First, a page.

Hmm…I wonder how many suggestions might include planting squash, cucumber and other cucurbits? Those would not only yield nutritious vegetables but attract the squash bees and other pollinators. And the Mexican sunflower (Tithonia) would be a good draw for bees, butterflies and other insects.
Plant it and they will come.
The garden that bears her name in the UC Davis Arboretum is Nature at its Best, especially this time of year.
It's better known as the Storer Garden, but a plaque spells out the entire name, "Dr. Ruth Risdon Storer Garden."
It was dedicated to her on her 92nd birthday, on Feb. 25, 1980.
Who was she?
- The first woman physician on the UC Davis campus
- The first woman pediatrician practicing in Yolo County
- A dedicated member of the Friends of the Arboretum
- An alumnus of the University of California
- The wife of Tracy Irwin Storer, a UC alumnus and founding chair of the UC Davis Department of Zoology. Storer Hall is named for him.
- A philanthropist: she and her husband founded the Storer Endowment in Life Sciences.
The plaque also points out that she was "well known for her own beautiful garden and generously sharing their beauty and her knowledge."
Today is Friday of National Pollinator Week. At noon, we headed over to the Storer Garden on Garrod Drive. A graceful and generous lavender butterfly bush--reminiscent of Dr. Storer--was accepting all visitors: six-legged Western tiger swallowtails, monarchs, painted ladies, cabbage whites, honey bees, carpenter bees, bumble bees and assorted two-legged visitors. No reservations needed.
The showy Western tiger swallowtail (Papilio rutulus) fluttered, floated, sailed and soared. Her brilliant colors--yellow and black with a splash of blue--lit up the garden. No sun needed--not with the glorious colors of the Western tiger swallowtail around.
If any insect should be the "cover girl" during National Pollinator Week, it ought to be the honey bee (Apis mellifera)
Specifically, it should be the worker bee, although the queen bee and drones (males) have their place, too.
But it's the worker bee, the forager, that basically works herself to death. She's out gathering nectar, pollen, propolis and water for her colony. She never calls in sick. She never punches a time card. She never protests. As soon as the temperature hits around 55 degrees, she leaves the warmth of the hive to go to work.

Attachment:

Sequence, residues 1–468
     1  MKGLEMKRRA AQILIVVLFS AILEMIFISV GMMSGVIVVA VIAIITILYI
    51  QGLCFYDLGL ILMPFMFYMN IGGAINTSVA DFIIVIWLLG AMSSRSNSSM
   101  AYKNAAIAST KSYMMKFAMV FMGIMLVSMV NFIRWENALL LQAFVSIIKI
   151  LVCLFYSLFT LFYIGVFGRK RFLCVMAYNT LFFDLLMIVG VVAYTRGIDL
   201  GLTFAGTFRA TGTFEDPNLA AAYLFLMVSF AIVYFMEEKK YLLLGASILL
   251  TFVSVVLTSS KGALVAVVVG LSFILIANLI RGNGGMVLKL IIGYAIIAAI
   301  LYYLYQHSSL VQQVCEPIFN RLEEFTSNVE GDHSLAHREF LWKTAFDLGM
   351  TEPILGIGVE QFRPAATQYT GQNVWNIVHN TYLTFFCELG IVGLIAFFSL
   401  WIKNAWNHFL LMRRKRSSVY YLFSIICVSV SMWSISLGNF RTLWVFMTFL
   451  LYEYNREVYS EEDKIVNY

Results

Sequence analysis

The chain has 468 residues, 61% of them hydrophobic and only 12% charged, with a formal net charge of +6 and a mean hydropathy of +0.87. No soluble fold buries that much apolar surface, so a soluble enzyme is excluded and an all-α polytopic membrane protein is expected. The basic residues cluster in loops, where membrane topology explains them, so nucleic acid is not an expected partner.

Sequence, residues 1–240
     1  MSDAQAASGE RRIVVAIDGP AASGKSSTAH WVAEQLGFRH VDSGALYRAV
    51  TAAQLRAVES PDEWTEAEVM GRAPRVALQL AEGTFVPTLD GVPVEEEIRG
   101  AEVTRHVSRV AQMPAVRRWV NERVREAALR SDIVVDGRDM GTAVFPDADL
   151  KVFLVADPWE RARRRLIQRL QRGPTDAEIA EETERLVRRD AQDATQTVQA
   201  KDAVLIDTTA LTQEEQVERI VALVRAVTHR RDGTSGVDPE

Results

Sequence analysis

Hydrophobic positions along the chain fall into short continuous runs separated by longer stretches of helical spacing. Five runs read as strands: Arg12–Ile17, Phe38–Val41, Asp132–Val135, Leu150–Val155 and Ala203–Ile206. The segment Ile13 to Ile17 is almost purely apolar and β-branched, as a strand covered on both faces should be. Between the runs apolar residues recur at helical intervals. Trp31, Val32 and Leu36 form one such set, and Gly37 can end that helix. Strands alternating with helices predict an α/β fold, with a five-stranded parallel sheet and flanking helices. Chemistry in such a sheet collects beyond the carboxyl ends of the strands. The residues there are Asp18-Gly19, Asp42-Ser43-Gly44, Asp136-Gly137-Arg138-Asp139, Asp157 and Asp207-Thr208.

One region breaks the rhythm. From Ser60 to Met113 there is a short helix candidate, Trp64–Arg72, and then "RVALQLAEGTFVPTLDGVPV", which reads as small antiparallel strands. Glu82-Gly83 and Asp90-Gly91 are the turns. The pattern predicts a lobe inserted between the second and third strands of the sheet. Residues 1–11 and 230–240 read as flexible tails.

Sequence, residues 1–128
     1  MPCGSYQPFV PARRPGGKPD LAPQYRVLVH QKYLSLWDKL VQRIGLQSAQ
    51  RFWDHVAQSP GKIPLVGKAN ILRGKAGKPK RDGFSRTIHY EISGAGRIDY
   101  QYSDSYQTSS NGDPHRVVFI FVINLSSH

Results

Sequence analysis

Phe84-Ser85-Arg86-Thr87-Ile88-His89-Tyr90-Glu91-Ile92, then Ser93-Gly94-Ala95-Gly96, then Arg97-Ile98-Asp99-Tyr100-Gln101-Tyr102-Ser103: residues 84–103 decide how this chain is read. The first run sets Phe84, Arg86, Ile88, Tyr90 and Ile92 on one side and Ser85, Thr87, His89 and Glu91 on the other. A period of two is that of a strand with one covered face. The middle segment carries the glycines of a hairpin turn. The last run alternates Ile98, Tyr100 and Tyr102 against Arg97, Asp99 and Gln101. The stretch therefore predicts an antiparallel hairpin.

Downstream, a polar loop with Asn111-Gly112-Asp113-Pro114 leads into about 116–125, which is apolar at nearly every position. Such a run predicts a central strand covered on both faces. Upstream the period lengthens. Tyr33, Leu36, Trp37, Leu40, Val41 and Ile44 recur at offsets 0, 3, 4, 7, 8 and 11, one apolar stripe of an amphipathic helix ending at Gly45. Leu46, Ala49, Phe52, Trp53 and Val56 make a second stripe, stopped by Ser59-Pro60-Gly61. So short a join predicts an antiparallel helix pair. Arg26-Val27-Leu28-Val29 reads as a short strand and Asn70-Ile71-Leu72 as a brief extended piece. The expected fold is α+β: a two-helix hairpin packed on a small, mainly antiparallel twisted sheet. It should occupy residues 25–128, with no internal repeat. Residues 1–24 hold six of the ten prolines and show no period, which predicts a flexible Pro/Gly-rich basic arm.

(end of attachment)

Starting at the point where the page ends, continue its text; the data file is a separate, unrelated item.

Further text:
She might not return. She may run into pesticides, pests or predators (think spiders, praying mantids, wasps, birds and the like). She may wind up spending the night on a lavender blossom when it's too cold or too dark to return to the hive. She may have to fly five miles on ragged wings and in ragged weather carrying a load heavier than she is.
Once inside, she shares her bounty with the colony. She dances to let her sisters know where she found it. This isn't America's Got Talent--these dances are not for money or fame, but for purpose. "Hey, I just found a large quantity of lavender about two miles away. It's great quality. Let's go get more."
Her weapon is her stinger, but she uses that only in defense of the hive, or when something crushes her (like a human being that accidentally steps on her). She can't be compared to an assault weapon such as an AR-15 that can shoot 25 rounds in 2.5 seconds. One sting and she dies. One barbed sting and it's all over for her.
And she's beautiful, whether she's golden, light brown or gray-black.
The Journal of Economic Entomology, published by the Entomological Society of America, graced its June cover with a honey bee. It's of a forager heading toward a tower of jewels (Echium wildpretii). The background: I captured the image several years ago in my pollinator garden in Vacaville, as I watched, awestruck, as the worker bees turned the tower of jewels into a buzzing tower of bees. Oh, sure, bumble bees, carpenter bees, leafcutter bees, sweat bees, syrphids, butterflies and hummingbirds were working the blossoms, too, but it was this determined worker bee that caught my eye.
She probably died several weeks after that flight photo. Honey bees live only four to six weeks during the busy season. The queen bee, an egg-laying machine that can pump out 2000 eggs a day, quickly replaced her.
For a moment, though, as the bee headed for the tower of jewels, time stopped. The worker bee did not.
Happy National Pollinator Week!